“Hearsay” is another one of those legal terms that many people have heard before but few individuals can accurately define. Put simply, the definition of hearsay can be broken down and understood as follows:
- An out-of-court statement made by a declarant not present in court;
- Offered in court (during a hearing or trial); and
- Offered as proof of the matter asserted.
Hearsay is generally inadmissible at trial. The reason for this is simple: the declarant of the statement is not available to be cross-examined and so the truthfulness of his or her statement meaningfully challenged. While the definition of hearsay may appear simple, deciding whether a statement actually is hearsay can be complicated. Consider these examples:
- An EMS officer who states “I responded to the area of X Street and Y Street because I received a report of somebody slipping on a wet floor and hitting their head”. This example is not hearsay. Although the EMS officer is repeating an out-of-court statement he or she heard in court and the declarant of that statement is not present in court, the statement is being offered to explain why the EMS officer responded to a particular area, not as proof that there actually was a wet floor or someone who hurt their head.”
- An eyewitness to a dog bite injury says under oath, “I told the animal control officer that day that the dog came from 111 Main Street, the Robinson house, and I know that the dog belonged to them.” Here you have an out-of-court statement offered in court and offered as proof that the dog in question belonged to a certain family, the Robinson family. But this example is not hearsay because the declarant – the person who made the out-of-court statement – is present in court and is testifying.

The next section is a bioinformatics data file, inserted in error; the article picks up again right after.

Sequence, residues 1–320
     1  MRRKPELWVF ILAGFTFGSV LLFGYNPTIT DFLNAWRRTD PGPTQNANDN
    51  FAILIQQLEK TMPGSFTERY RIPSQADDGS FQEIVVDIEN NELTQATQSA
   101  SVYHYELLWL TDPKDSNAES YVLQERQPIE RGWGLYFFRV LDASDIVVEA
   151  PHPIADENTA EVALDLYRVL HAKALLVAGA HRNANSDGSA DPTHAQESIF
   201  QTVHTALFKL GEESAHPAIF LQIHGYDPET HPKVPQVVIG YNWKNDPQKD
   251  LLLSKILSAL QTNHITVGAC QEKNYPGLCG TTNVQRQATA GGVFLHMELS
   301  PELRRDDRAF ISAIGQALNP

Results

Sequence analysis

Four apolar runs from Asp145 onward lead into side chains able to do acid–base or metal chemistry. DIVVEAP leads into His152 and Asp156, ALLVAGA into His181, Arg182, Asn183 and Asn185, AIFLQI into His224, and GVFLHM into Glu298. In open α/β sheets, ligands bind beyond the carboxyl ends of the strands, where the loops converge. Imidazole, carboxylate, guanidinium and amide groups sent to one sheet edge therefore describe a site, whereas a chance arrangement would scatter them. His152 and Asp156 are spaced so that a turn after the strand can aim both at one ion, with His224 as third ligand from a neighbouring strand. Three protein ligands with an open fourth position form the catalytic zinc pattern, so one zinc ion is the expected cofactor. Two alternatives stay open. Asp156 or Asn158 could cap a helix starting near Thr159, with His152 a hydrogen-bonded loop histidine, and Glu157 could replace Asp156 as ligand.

- A nursing home employee says during a civil nursing home abuse trial, “My co-worker looked at the [victim] lying on the ground: his eyes got real big, he started to shake, and then after a few seconds he took off running down the hall.” This is not hearsay because there is no out-of-court statement being offered at all. The physical appearance and behavior of someone are generally not considered “statements” for hearsay purposes.
Why Hearsay Can Make a Difference in Your Personal Injury Lawsuit
The unchallenged admission of hearsay statements in your personal injury case by the other party can have a negative impact on the outcome of your case. (You must lodge an objection at the time a hearsay statement is offered in order to have the court exclude it; otherwise the statement will be admitted and considered by the court.) Consider the negative impact of a statement from an unavailable witness who says you were completely at fault in causing your injuries and not being able to challenge the veracity of the witness, his or her ability to see the accident, or his or her motivation to fabricate testimony.
If you or a loved one have been injured in a South Carolina personal injury accident, then you need lawyers who are well-versed in the rules of evidence so that you will be fairly represented at trial. Contact the Greenville-based law firm David R. Price, Jr., P.A. for assistance in recovering compensation from the at-fault party. You can reach the firm by calling us directly, or by contacting us online.
David Price is a Personal Injury, Civil Litigation, Collections, and Criminal Defense Attorney who practices in Greenville, SC. He graduated from the University of Georgia School of Law, and has been practicing law for 12 years. David Price believes in helping those who have been injured. Learn more about his experience by clicking here.